Saturday, February 23, 2008

Defense earmarks and the Pacific NW delegation

Last night's Bill Moyers Journal featured a documentary on the efforts by the Seattle Times' to track down the earmarks in the 2007 defense appropriations bill--in the end there turned out to be 2700 of them totaling around $12 billion, but it was no small task finding them and matching them with the corporate donors who received the federal money. Even finding those earmarks inserted by members of the Pacific Northwest delegation--the focus of the documentary and the original focus of the investigation by the Times--wasn't that easy.

You can see the segment (with transcript) here:

The documentary tells the story of a $4.65 million dollar boat that Congress forced the Coast Guard to buy, even though the Coast Guard said they didn't want the boat because it didn't fit their needs. (The USCG ended up selling it to a Northern California county sheriff's office for a dollar.) And then there's the $1 million worth of t-shirts that the military had to purchase for the Marines in Iraq, although they won't be used because the polyester material is inflammable (look it up). And let's not forget the helmet-mounted computer display ($8 million for R&D, then $5 million in military contracts) that the Army didn't use ("it's junk," said one Iraq vet).

There's more to this than simply government waste, though. In each of these cases the appearance of the earmark, usually in late-night conference sessions, tracks disturbingly with campaign donations from the local business benefiting from the government contracting.

The architects of these particular boondoggles are all Pacific Northwest Democrats--the documentary focuses on Sen. Patty Murray (D-WA), Rep. David Wu (D-OR1), Rep. Brian Baird (D-WA3), and Rep. Norm Dicks (D-WA6). Yes, Democrats are back in the earmark-and-donation game again, and for a simple reason: Since 2006 it's the Democrats who have something to deal. Using the Times' database of 2007 earmarks cross-referenced with contributors, here is the Oregon congressional delegation's box scores (click the links to find who the contributor/beneficiares are):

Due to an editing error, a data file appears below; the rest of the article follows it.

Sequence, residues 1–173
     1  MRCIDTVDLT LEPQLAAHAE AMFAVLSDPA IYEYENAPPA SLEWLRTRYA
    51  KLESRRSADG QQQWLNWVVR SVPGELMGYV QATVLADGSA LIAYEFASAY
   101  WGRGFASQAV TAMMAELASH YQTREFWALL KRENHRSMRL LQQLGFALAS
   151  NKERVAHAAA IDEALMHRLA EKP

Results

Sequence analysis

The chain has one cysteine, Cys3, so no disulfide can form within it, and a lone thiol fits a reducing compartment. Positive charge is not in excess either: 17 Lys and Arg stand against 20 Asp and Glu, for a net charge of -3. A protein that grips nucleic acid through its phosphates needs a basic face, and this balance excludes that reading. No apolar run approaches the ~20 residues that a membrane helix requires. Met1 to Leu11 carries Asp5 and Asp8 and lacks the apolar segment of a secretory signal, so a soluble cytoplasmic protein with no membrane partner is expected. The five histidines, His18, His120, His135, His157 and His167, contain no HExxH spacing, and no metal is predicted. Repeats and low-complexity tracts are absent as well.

Rep. David Wu (D-OR1):
2007 Defense Earmarks: $14.2 million
2001-2007 Contributions from earmark recipients: $58,799

Rep. Greg Walden (R-OR2):
2007 Defense Earmarks: $0 2001-2007 Contributions from earmark recipients: $47,896

Rep. Earl Blumenauer (D-OR3):
2007 Defense Earmarks: $14.5 million
2001-2007 Contributions from earmark recipients: $17,750

Rep. Peter DeFazio (D-OR4):
2007 Defense Earmarks: $13.1 million
2001-2007 Contributions from earmark recipients:$1,000

Rep. Darlene Hooley (D-OR5):
2007 Defense Earmarks: $0
2001-2007 Contributions from earmark recipients: $36,350

Sen. Ron Wyden (D-OR):
2007 Defense Earmarks: $56.950 million
2001-2007 Contributions from earmark recipients: $33,575

Sen. Gordon Smith (R-OR):
2007 Defense Earmarks: $59.830 million
2001-2007 Contributions from earmark recipients: $100,004

Here's another instance involving Murray uncovered by the Times, not mentioned in the documentary. It shows how the process works (emphasis added):

Not long after Nelson Ludlow and his wife started a technology business in Port Townsend with money scraped together from friends, family and retirement accounts, they spent precious dollars in an unlikely way:

They hired a lobbyist and started giving to a congressional campaign fund.

The lobbying paid off. Soon, an $800,000 earmark for the Ludlows was tucked into a 2003 spending bill, giving their tiny startup, Mobilisa, a no-bid contract to provide Internet service on Puget Sound ferries.[…]

Hiring a lobbyist, Ludlow said, was a way to take Mobilisa beyond being just a startup.

"There are two ways to play Little League baseball: One is everyone gets a chance to bat, and the other is that the team decides they want to win," Ludlow said. "And people at Mobilisa decided they wanted to win."

For an investment of about $30,000 in donations to Murray and Baird, plus the lobbyist's fees, Mobilisa brought in over $12 million in non-compete government contracts. You can figure out the ROI on that. Give Ludlow and Mobilisa credit: You'd have to be a chump not to play the game that way.

Doesn't it just give you a thrill to see the free market and representative government working together, hand in hand?

Murray and Baird of Washington, interviewed for the documentary, both stressed that there was no quid pro quo in any of this. I don't doubt them that there's no illegal quid pro quo going on here. The campaign finance laws as they stand not only make these arrangements legal, they make them virtually inevitable.

As Brian Baird elegantly phrases it in the documentary:

If you went to a system where you couldn't take a campaign contribution, then you'd only be able to get--the . . . only people you could get money from are people you've never helped.

And what kind of world would that be? Oh yeah--it would be a world where voters owned the process, not corporate donors. Heaven forfend.

I have no objection to the idea that our congressional delegation brings home federal money for local projects. As a bicycle commuter, for example, I really appreciate the pork Earl Blumenauer has brought home to improve biking facilities in the Portland area.

But that's not what we're talking about here. If you can't call the connection between corporate donations and government contracts--often no-bid contracts--"illegal," it's certainly unwholesome.

Do individual voters have to hire lobbyists and start maxing out their political donations just to get heard in this game?

(Cross-posted at Loaded Orygun.)

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